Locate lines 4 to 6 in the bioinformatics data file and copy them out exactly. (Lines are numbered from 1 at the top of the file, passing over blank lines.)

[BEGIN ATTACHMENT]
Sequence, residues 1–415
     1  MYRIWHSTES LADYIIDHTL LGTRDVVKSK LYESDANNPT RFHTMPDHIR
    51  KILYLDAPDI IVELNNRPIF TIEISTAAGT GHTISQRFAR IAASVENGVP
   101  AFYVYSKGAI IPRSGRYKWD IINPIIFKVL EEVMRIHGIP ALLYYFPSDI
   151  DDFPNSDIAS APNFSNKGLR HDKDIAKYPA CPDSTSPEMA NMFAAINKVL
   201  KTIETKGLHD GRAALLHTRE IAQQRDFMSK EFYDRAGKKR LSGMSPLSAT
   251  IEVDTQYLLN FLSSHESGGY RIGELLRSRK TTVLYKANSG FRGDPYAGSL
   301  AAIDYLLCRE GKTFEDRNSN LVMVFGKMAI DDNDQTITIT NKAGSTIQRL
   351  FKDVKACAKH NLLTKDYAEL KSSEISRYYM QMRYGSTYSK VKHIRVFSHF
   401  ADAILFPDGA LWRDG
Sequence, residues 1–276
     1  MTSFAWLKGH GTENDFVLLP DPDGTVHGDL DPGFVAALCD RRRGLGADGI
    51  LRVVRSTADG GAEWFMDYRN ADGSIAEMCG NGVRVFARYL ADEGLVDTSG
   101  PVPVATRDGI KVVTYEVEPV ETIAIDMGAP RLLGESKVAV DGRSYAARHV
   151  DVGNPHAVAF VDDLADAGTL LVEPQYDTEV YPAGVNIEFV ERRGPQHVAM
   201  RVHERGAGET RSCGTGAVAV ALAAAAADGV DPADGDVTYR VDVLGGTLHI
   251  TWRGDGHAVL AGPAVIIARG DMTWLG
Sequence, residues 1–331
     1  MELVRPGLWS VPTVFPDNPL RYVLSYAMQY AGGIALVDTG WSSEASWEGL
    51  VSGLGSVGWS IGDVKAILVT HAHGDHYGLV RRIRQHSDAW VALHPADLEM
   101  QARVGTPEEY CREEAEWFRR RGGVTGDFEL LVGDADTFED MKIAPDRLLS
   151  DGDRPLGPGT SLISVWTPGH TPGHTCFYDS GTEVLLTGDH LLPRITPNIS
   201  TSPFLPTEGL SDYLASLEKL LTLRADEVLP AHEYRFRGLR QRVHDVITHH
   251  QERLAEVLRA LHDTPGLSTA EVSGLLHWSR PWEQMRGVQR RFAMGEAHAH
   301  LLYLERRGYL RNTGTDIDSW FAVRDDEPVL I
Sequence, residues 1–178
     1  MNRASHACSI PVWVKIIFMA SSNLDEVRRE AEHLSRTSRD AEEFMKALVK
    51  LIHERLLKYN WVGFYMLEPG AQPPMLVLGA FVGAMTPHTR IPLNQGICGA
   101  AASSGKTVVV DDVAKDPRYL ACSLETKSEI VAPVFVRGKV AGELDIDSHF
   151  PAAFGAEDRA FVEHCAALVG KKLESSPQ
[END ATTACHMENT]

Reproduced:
   101  AFYVYSKGAI IPRSGRYKWD IINPIIFKVL EEVMRIHGIP ALLYYFPSDI
   151  DDFPNSDIAS APNFSNKGLR HDKDIAKYPA CPDSTSPEMA NMFAAINKVL
   201  KTIETKGLHD GRAALLHTRE IAQQRDFMSK EFYDRAGKKR LSGMSPLSAT